Are you looking for the perfect church in New Orleans? Well, the bad news is there isn’t one. But the good news is there are some great churches in this area. This is Joe McKeever. I’m pastor of one of those wonderful churches. Ours is in Kenner, across from the airport on Williams Boulevard. The First Baptist Church of Kenner.. (and so forth)
Here is what I have learned about radio spots for churches…
One. In most cases you cannot afford to buy them on a regular basis, so do your promotions for those special times when you’re doing something the community would want to know about.
Two. Be yourself. Don’t try to imitate anyone, particular the slick Hollywood promotions.
Three. Keep it local. You are not mass-producing ads for the entire state, we presume, but for your locality. So, mention something special about your city. Tie in with something historic, if you can.
Four. As a rule, do not belabor directions to your church. If people want to find you, they will. So, give them something to make them want to go to your website where, we assume, you’ve laid out the good stuff about your church.
Five. Forget about trying to measure the effectiveness of the spots. You never know. I suspect that the primary results we got from the two spots above was to alert our own people to the new starting times for worship services. But knowing who was touched and to what extent is impossible with ads, even though the agencies will tell you otherwise. (Background on this: Every church has a finance committee. And every committee will have one or two members determined to analyze everything on a cost-benefit ratio. And they will insist that you produce numbers proving that these spots are a good investment. Which you cannot do. So, tell them up front. Mostly, what you will get is word-of-mouth, members telling you that they heard the spots. And you may see an increase in the number of visitors each Sunday. But you may not, at least for a while. If you can, stay with the promotion for several months.)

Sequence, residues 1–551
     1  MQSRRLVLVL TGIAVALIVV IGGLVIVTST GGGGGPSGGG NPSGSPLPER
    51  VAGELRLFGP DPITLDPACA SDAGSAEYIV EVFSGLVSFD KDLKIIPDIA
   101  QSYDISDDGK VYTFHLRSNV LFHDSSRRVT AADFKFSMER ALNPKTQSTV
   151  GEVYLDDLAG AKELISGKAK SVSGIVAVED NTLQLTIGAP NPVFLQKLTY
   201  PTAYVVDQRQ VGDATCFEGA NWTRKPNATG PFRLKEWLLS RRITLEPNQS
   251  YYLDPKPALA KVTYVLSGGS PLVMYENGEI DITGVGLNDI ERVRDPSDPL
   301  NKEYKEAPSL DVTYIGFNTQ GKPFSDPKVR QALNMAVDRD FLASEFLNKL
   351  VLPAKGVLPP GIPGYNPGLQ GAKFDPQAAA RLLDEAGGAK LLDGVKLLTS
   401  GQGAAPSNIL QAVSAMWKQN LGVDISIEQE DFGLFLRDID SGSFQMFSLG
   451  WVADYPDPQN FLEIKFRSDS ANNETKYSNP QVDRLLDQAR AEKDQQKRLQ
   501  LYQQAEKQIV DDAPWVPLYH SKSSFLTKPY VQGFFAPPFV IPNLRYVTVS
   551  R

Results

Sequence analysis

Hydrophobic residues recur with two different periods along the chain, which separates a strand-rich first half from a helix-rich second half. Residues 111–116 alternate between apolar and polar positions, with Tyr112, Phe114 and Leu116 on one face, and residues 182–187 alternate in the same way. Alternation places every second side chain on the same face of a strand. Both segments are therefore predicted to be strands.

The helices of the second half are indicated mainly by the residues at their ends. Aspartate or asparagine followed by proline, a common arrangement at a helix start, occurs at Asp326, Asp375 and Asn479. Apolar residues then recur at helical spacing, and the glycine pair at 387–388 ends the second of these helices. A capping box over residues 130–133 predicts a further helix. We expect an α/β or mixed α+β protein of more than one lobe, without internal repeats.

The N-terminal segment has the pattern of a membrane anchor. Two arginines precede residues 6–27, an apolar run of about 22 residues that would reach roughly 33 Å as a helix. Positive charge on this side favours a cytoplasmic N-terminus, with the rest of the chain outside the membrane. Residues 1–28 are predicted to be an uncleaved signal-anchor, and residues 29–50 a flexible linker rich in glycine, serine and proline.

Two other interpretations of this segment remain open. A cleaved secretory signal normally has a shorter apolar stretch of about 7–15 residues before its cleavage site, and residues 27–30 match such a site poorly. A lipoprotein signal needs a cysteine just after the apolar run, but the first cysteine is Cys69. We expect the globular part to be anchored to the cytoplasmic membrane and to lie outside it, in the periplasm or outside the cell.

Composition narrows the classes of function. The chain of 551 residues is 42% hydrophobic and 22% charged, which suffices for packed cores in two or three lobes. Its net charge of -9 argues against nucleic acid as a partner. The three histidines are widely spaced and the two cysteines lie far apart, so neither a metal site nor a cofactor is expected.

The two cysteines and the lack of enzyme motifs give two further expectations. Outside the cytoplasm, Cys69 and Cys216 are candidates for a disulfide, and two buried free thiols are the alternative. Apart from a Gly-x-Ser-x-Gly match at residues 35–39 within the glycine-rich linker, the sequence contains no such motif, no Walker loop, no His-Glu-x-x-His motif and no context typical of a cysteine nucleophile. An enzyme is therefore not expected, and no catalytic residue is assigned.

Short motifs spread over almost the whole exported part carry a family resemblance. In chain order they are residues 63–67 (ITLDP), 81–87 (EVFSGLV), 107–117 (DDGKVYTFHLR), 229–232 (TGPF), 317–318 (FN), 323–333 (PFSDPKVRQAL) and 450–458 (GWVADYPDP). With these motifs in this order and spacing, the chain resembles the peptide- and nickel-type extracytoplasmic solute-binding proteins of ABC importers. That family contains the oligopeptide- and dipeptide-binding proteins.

I know a scripture story that fits radio broadcasting perfectly….
And I’ll bet you do too.
It’s the story of the man who went out sowing seed–broadcasting is the actual term for what he was doing!–and it fell on different kinds of ground. That story is found in the opening verses of Matthew 13. I grew up on the farm where my dad–a coal miner 40 hours a week and a farmer the rest of the time–would often walk into a field broadcasting seed for ground cover. So, even as kids we knew that some of it falls on the pathway and birds eat it up, some falls on stony ground and others in the briars. And some falls on good ground, which is why the farmer went to all this trouble in the first place.
However–and another scripture coming up!–we do not always know what kind of seed is receiving what we are scattering. Particularly that is the case with radio and television. Computers too, of course, in case you are blogging. Scripture says, “In the morning sow your seed, and in the evening withhold not thy hand. For you do not know which shall prosper, either this one or that, or whether they both alike shall be good.” (Ecclesiastes 11:6) The point of that is: Don’t try to judge the soil; just keep on sowing!
So, when you send your message on the air waves, keep reminding yourself you will never know this side of Heaven what effect it is having. So, pray and leave it all with the Lord. (I hope you have a finance committee that believes in faith. If not, they will shut this down in a New York minute.)